4. Brett Phillips (Brewers) - The sixth round 2012 pick has one of the strongest arms in baseball. He also has the speed to cover ground in center. The Brewers have Lewis Brinson, a player with better defensive skills slotted for center. Brett doesn’t carry the power ideal for right so that could put him in a fourth outfielder category. Last year his power was good for 23 homeruns, including 4 in 37 games for the Brewers. There does seem to be too much swing and miss in his bats with 153 whiffs in 142 games. Brett had 34 of those whiffs in 87 at bats at the major league level. The 2018 season should see Brett start the season in AAA but a good spring could motivate the Brewers to take him to Milwaukee with them.

5. Dylan Cozens (Phillies) - The second round 2012 pick packs more power than Rhys Hoskins, though when he hit his 40 plus homeruns in AA a couple years ago it was played at the hitter friendly Reading park. The big challenge for Dylan is making contact, with 194 whiffs in 135 games last year. That resulted in a disappointing .210 average, which prevented him from joining Hoskins in the major leagues last year. Myworld expects some improvement next year as he repeats AAA and gets used to the better pitching at that level. His arm is not a cannon but it is good enough to throw runners out from right field. His average speed could actually force him to move to left. The Phillies are rebuilding so a good spring could create opportunities for him.

6. Aristides Aquino (Reds) - The Reds signed him back in 2011 out of the Dominican Republic. He didn’t get his first opportunity to play full season ball until 2015. Since that time he has been moving up a level each year. Next year should be AAA. There is power in his bat, though that power disappeared in major stretches in 2017. In 2016 he hit 23 homeruns with a .519 slugging. Last year he dropped to 17 homeruns with a .397 slugging percentage. He struggled to make contact last year with 145 whiffs in 131 games, resulting in his average dropping 60 points to .216 last year. Those struggles could see him repeat AA.

7. Harrison Bader (Cardinals) - The Cardinals outfield is crowded. The third round pick in the 2015 draft seems to have the best combination of power, arm and speed of those outfielders to slot in right field. Last year he slugged 23 homeruns, three of them at the major league level. His tool box is enough to give him the classification of a five tool player who exhibits attributes that are average or just above in all five tools. The one attribute he could improve on is patience. If he can narrow the 34/118 walk to whiff ratio that could put his average possibilities nearer the .300 mark. A good spring training could give him a shot at one of the outfield spots, but he has a lot of veterans ahead of him to surpass.

8. Alex Verdugo (Dodgers) - Alex was a second round pick of the Dodgers in 2014. He has a rocket for an arm, ideal for a rightfielder. His best attribute is his ability to make contact with a 52/50 walk to whiff ratio last year. The concern is his inability to show his over the fence power. His line drive stroke is good for gap hits, but adding some loft into his swing could turn some of those gappers into homers. That switch could impact his ability to make contact. His speed is not quick enough to cover the ground he needs for centerfield. Last year he saw some major league September action, hitting .174 in 23 at bats. Yasiel Puig currently has right field occupied so if Verdugo is to play next year he could have to fit in centerfield where the Dodgers lack a consistent bat.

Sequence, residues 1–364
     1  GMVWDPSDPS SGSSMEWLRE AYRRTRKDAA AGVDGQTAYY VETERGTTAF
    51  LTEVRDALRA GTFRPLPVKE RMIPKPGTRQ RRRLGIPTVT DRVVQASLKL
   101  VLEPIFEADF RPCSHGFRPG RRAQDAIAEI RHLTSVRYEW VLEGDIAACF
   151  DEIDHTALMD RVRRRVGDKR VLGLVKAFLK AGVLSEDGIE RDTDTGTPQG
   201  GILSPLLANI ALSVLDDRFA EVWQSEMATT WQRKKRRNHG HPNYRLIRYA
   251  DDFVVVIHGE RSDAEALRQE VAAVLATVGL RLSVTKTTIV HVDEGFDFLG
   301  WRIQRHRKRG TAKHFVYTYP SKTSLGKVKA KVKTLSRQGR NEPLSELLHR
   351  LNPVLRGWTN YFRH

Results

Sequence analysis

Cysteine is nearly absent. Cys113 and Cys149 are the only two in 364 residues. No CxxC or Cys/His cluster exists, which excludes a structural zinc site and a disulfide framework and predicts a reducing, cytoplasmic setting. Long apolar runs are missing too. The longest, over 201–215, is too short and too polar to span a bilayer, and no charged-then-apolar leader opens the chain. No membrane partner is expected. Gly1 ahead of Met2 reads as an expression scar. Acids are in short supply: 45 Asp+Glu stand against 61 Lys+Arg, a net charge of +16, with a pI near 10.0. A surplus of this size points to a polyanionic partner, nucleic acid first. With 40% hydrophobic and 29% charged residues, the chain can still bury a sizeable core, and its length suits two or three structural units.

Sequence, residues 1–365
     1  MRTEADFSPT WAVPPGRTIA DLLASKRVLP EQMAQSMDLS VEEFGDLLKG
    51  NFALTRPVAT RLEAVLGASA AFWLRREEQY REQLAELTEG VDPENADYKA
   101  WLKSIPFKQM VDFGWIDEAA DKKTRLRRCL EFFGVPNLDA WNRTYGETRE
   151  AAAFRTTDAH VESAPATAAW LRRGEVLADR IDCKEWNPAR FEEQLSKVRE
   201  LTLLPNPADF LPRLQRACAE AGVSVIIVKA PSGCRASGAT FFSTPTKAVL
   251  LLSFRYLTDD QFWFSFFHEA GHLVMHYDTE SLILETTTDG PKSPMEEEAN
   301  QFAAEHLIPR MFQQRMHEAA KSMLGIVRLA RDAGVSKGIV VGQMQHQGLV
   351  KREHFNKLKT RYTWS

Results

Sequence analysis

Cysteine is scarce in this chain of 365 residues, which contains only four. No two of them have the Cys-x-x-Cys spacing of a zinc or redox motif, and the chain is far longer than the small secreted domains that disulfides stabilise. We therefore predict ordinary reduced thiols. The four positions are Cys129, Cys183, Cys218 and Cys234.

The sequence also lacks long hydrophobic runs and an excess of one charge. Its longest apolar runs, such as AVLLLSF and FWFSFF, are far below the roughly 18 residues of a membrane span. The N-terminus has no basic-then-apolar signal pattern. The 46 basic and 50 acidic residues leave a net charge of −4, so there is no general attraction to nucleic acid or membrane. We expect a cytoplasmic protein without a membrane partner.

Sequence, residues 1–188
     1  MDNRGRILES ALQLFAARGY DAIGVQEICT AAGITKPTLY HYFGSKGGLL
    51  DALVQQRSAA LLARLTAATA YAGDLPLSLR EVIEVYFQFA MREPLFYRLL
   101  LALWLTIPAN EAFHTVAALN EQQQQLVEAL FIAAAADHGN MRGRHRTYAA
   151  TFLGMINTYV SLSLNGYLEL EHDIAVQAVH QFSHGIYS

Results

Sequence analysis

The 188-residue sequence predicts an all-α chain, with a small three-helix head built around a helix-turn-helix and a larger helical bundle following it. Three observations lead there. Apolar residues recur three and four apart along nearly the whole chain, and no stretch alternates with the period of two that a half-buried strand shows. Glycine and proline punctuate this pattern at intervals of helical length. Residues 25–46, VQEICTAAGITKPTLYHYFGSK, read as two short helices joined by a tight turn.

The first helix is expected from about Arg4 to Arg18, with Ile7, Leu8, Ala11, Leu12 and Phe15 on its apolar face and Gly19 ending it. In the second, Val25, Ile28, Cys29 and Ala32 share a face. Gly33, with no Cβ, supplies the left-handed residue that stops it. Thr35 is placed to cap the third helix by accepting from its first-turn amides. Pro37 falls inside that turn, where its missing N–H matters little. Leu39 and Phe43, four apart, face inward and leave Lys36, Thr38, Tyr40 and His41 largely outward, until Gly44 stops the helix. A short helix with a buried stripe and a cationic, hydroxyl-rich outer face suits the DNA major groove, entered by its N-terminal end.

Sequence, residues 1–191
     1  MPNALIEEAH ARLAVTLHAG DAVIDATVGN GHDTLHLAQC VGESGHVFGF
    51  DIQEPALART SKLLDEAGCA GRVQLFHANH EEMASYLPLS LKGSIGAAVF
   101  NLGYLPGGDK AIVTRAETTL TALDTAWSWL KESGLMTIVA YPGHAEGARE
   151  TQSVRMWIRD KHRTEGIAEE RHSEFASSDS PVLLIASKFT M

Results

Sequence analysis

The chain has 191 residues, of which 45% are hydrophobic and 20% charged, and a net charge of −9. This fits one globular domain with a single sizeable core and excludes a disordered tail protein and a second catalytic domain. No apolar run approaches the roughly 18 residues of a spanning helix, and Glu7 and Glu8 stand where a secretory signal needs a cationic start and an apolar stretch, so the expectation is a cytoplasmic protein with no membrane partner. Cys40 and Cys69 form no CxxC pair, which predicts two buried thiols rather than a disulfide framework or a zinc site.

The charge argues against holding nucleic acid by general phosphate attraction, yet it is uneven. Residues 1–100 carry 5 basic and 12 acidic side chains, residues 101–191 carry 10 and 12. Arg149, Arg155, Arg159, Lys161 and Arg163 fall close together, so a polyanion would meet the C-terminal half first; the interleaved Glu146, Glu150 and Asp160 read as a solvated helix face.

9. Socrates Brito (Diamondbacks) - Socrates has had his opportunities but injuries have held him back. Injuries limited him to 78 games last year and no major league appearance. Socrates has the speed to play center and the arm to fit in right. The bat has not shown a lot of power so his best bet could be if he could win the centerfield job. His most likely role could be as a utility fourth outfielder. Last year in the 78 games he played his OPS was .785 with a .449 slugging average and a .291 batting average. At 25 years old, if he is going to make an impact in the outfield his time would be in 2018.

10. Austin Hays (Orioles) - The third round 2016 pick seemed to come out of nowhere to hit 33 homeruns last year. One of those homeruns came in his major league debut where he hit .217 in a September callup. The Orioles outfield situation is not crowded. Mark Trumbo plays right field but he should spend most of his time at DH next year. What myworld has seen of Hayes is a decent arm that can play in right field, not like the rockets of Verdugo or Phillips. While he showed power last year, whether he can maintain that against major league pitching is open to question. In the minor leagues he has shown the ability to hit in the .300 neighborhood. Time will tell whether the power and batting tools the Atlantic Coast Conference star has shown is a mirage or part of his daily repertoire. The right field job is there for the taking if he has a good spring training.

Others to Note

Khalil Lee (Royals) - The third round 2016 pick has a better arm for throwing out runners than the speed in his legs for catching fly balls. This does not mean he does not have the speed for centerfield, just that his overall tools may be better suited for right. Last year he slugged 17 homeruns in Low A, evidence of his power. He also struck out 171 times in 121 games, indicative of his capability to swing and miss at a lot of pitches.

Seuly Matias (Royals) - The 19 year old Dominican has perhaps the best arm on the Royals. His average speed and power in his bat makes right field the best fit.

Brandon Marsh (Angels) - At 6′4″ with a cannon for an arm makes right field the best fit for Brandon. His legs also are quick enough to cover ground in center. Can’t imagine him usurping Mike Trout from his position so we will fit the second round 2016 pick for right.

Tristan Lutz (Brewers) - The 2017 supplemental first round pick has the arm for right and the bat for the position. He also has decent speed to play center. The Brewers do have a crowded deck of outfielders. The Brewers can start Tristan at Low A and show patience with him as he develops his skills for the major leagues.

Austin Beck (Athletics) - Beck was a first round pick of the Atletics in 2017. He had a prevalence to swing and miss in his professional debut with 51 strikeouts in 41 games, limiting his average to .211. His arm was one of the best in the draft last year.